The leaves are mildly analgesic, antipruritic, hypotensive and sedative. They are used externally in the treatment of dermatitis and internally for the treatment of hypertension, rheumatoid arthritis, joint pain, numbness and paralysis. When used in a clinical trial of 171 people, the blood pressure of 81% of the people dropped significantly – this effect was reversed when the treatment was stopped. The plant is normally used in conjunction with Bidens bipinnata. When used with the herb Siegesbeckia pubescens it is anti-inflammatory. The roots and leaves are antirheumatic and hypotensive. A decoction is used in the treatment of rheumatoid arthritis and hypertension. The pounded seed is used to kill lice.

Other Uses:

Scented Plants
Flowers: Fresh
The flowers are sweetly scented.
Leaves: Crushed
The leaves have a heavy unpleasant odour when crushed.

Disclaimer : The information presented herein is intended for educational purposes only. Individual results may vary, and before using any supplements, it is always advisable to consult with your own health care provider.

Resources:

http://en.wikipedia.org/wiki/Clerodendrum_trichotomum

http://digedibles.com/database/plants.php?Clerodendrum+trichotomum

http://www.finegardening.com/plantguide/clerodendrum-trichotonum-harlequin-glorybower.aspx

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Codium fragile

Botanical Name : Codium fragile
Family: Codiaceae
Genus: Codium
Species: C. fragile
Kingdom: Plantae
Division: Chlorophyta
Class: Bryopsidophyceae
Order: Bryopsidales

Common Names :Green sea fingers, Dead man’s fingers, Felty fingers, Felt-alga, Green sponge and  Green fleece

Habitat :Codium fragile is native to the Pacific Ocean. The species inhabits the middle and lower intertidal zone as well as subtidal regions of rocky shores.

It is also found in large tide pools permanently filled with water. Therefore it is found at Race Rocks. At Race Rocks in 2001, the species occurred in only two small areas, although it was found when diving in earlier years in larger beds, shallow subtidally on the south side of Bentinck Island just across Race Passage north from Race Rocks. On the north side of the Great Race, there was one plant in a tide pool, and on the South East side, several dozen plants have occurred since the early 1980′s along the zero tide level of the small peninsula island. In 2004 it has been observed in several tidepools however its population still remains limited.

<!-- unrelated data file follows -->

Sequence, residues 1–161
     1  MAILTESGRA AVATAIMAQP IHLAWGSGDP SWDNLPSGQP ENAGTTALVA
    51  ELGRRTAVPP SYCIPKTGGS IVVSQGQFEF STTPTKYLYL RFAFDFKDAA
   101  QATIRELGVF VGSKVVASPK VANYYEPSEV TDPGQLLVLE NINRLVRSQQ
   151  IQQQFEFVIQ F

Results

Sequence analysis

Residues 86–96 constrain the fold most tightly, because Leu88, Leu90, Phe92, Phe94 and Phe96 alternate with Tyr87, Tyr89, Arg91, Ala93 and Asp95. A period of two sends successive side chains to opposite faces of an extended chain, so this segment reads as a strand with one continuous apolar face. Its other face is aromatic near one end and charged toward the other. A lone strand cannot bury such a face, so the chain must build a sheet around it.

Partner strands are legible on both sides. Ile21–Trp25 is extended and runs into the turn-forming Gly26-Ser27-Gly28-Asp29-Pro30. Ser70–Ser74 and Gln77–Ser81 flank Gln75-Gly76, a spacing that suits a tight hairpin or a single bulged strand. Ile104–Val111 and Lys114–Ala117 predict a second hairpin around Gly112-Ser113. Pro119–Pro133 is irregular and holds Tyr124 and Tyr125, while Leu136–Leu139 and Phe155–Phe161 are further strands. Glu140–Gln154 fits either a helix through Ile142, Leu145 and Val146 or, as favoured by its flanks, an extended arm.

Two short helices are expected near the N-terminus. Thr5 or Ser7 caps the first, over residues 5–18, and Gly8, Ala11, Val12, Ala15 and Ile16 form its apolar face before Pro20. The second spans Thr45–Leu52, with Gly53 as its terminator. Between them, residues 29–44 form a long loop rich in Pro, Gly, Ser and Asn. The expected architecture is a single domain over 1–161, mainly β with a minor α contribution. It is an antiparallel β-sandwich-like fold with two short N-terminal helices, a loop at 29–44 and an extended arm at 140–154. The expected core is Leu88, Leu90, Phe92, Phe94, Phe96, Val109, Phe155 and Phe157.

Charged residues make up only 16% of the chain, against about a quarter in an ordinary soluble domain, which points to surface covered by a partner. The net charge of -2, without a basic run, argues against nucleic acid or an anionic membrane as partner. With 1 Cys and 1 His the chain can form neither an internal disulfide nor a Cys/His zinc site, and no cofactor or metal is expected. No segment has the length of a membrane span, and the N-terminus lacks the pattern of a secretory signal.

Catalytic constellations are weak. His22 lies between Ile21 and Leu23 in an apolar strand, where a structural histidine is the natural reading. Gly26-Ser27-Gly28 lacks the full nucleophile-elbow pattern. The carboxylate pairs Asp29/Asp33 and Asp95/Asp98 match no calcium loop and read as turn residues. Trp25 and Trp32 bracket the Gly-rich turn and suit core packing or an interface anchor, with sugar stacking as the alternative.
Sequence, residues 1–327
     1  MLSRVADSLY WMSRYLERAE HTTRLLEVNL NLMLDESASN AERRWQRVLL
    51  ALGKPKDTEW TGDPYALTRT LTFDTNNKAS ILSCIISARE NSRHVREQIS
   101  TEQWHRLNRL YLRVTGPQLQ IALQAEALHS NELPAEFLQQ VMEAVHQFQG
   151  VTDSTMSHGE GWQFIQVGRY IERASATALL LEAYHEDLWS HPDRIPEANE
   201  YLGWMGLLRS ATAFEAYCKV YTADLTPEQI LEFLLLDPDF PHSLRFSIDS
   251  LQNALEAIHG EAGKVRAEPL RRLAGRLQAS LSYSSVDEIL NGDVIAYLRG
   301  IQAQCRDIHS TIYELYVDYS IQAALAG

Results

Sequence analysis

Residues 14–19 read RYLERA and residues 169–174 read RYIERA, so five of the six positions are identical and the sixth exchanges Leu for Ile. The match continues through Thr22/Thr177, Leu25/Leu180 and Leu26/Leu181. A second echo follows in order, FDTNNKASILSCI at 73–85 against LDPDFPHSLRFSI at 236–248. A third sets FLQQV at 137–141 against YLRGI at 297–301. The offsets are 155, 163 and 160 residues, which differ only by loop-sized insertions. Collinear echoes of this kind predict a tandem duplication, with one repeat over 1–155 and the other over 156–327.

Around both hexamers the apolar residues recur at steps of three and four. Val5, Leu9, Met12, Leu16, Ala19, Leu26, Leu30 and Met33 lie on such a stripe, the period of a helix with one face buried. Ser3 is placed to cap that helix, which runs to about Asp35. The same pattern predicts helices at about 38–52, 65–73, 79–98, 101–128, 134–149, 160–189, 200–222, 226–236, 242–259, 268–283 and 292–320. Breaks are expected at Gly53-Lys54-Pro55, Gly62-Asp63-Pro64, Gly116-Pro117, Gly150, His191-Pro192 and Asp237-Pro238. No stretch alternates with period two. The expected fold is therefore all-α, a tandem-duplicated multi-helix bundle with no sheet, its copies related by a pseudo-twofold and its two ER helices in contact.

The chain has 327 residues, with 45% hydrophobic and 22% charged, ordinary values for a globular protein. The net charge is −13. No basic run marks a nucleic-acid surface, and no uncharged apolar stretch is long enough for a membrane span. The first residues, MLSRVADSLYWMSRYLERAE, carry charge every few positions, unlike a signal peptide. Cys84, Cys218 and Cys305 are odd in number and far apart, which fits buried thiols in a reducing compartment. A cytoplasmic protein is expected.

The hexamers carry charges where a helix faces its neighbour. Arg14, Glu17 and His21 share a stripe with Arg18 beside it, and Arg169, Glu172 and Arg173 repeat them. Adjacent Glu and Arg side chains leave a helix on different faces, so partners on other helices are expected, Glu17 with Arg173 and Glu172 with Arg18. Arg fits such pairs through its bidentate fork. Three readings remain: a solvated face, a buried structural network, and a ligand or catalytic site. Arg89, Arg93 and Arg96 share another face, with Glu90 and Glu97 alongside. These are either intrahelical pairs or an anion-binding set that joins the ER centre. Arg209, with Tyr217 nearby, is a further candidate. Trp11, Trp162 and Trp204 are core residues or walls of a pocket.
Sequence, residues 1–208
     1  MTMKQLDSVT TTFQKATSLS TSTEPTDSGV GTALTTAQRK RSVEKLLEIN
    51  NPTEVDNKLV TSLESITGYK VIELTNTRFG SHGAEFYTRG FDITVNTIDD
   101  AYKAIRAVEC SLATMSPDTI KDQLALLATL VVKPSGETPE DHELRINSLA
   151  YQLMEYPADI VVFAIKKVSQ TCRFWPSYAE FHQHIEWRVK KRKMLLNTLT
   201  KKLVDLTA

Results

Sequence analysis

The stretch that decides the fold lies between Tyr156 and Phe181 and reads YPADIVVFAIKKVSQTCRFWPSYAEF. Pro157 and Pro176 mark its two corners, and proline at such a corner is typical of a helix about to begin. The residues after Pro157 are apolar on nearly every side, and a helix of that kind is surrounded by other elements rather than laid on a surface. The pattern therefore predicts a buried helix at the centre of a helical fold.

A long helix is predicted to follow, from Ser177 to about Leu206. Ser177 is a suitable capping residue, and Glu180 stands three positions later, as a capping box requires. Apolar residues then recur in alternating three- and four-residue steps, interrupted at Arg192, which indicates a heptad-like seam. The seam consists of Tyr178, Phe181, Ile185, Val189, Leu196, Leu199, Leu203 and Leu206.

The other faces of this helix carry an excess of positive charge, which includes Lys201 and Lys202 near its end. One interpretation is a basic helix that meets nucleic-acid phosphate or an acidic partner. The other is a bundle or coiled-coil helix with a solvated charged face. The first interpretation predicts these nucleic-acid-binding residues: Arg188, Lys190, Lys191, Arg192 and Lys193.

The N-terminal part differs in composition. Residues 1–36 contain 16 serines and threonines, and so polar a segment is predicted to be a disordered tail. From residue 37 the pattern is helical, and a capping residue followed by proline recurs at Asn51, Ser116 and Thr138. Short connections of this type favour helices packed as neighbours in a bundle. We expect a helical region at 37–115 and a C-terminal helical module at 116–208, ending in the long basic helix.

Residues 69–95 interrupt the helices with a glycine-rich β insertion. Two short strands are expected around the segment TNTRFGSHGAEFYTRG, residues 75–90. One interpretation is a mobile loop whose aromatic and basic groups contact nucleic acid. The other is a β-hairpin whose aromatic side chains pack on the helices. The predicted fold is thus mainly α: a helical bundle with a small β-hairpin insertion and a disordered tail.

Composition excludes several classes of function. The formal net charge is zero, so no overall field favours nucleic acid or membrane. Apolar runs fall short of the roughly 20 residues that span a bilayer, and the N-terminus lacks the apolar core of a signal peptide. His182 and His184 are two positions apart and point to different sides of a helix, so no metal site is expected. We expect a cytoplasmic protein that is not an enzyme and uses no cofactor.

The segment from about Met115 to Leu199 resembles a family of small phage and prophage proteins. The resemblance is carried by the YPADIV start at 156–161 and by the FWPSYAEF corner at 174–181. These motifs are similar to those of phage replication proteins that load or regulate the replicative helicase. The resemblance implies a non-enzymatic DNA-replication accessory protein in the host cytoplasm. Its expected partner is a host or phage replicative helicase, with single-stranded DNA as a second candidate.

Description:
Codium fragile is a dark green alga, ranging from ten to 40 cm high and consists of repeatedly branching cylindrical segments about 0.5 to 1.0 cm in diameter, and the branches can be as thick as pencil. The segments look like dark green fingers. Its holdfast is a broad, sponge like cushion of tissue. The tips of segments are blunt and the surface is soft, so it is sometimes mistaken as a sponge. Its body consists of interwoven, filamentous cells with incomplete crosswalls forming the inner part of the branches.

Click to see the picture

A number of subspecies have been described, some of which have been introduced in various parts of the world. Although two spubspecies were widely accepted as having been introduced into Britain and Ireland, recent detailed genetic studies have shown that this is not the case.

Medicinal Uses;
In China, used to clear away heat and toxic materials, reduce tumescence and nourish dampness and driving bug. For edema, difficulty of pisses, driving lumbricoid and drink.

Disclaimer : The information presented herein is intended for educational purposes only. Individual results may vary, and before using any supplements, it is always advisable to consult with your own health care provider.

Resources:

http://en.wikipedia.org/wiki/Codium_fragile

http://massbay.mit.edu/exoticspecies/exoticmaps/images/codium_big.jpg

http://myweb.dal.ca/rescheib/codium.html

http://www.seaweed.ie/descriptions/Codium_fragile.html

http://www.herbnet.com/Herb%20Uses_C.htm

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Chinese Woad (Isatis tinctoria or Isatis indigotica)

English: Isatis tinctoria, Brassicaceae, Woad,...